It’s no secret that America’s star is fading on the world stage these days, under a president whose authoritarian tactics have outraged allies and enemies alike. But a recent audit by an international human-rights monitor reveals that, even before Trump’s buffoonery took over the White House, Washington was failing dramatically to live up to its reputation as a beacon of democracy. UN Special Rapporteur on Freedom of Assembly Maina Kiai’s dissection of the nation’s systematic betrayal of basic human rights centers on America’s shrinking public square.


Based on a year-long observation of the country’s governance and civic life that stretches from mid-2016 through the start of the Trump administration, Kiai, whose post recently ended with the publication of the report, sees a massive erosion of the right to freedom of assembly. The concept encompasses the right to organize and protest and other essential forms of civic and public activism. Though it is formally inscribed in the Bill of Rights, the precept has come under assault under the Trump administration, Kiai says, stoked by the president’s “hateful and xenophobic rhetoric during the presidential campaign” and blatant flouting of civil liberties in his policies and governing style.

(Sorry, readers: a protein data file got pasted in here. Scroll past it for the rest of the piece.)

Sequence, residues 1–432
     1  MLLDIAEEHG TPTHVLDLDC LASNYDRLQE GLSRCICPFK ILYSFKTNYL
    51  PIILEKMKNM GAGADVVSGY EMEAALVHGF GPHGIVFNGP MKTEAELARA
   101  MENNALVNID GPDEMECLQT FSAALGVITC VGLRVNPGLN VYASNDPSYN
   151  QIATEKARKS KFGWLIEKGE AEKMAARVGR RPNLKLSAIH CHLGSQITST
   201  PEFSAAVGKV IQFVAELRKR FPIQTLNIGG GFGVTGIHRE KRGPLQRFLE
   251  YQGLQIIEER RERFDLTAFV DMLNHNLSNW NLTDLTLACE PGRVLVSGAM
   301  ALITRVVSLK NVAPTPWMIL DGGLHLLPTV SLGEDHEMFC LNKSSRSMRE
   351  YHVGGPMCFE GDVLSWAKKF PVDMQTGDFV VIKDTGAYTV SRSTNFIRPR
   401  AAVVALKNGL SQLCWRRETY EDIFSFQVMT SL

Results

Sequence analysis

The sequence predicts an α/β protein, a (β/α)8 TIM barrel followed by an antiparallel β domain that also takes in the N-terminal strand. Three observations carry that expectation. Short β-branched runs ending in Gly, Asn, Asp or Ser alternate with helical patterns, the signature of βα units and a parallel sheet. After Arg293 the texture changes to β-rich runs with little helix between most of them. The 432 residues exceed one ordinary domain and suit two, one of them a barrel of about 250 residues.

Kiai concludes that over the past year a growing swath of communities of color, workers and immigrants, and other marginalized groups have felt deterred from engaging in social movements, staging protests and other forms of citizen action, or campaigning to defend community and workplace rights.

One overarching obstacle is the ingrained culture of racism, which has persisted since slavery through Jim Crow and the ongoing struggles with institutionalized discrimination. Citing police-community conflict as a primary illustration of structural oppression, Kiai argues, “Racism and the exclusion, persecution and marginalization that come with it affect the environment for exercising association and assembly rights.” His report directly denounces government agencies’ “hostility towards the Black Lives Matter movement,” contending that “The government has an obligation under international law to protect and promote” the group’s peaceful exercise of the right of free assembly. Similarly, the report describes structural corruption driving the use of perverse incentives in the policing of black communities, with “police departments raising revenue through fines and rewarding or sanctioning police officers based on the number of arrests.” These patterns of aggressive policing, Kiai says, disempower neighborhoods by deterring dissent.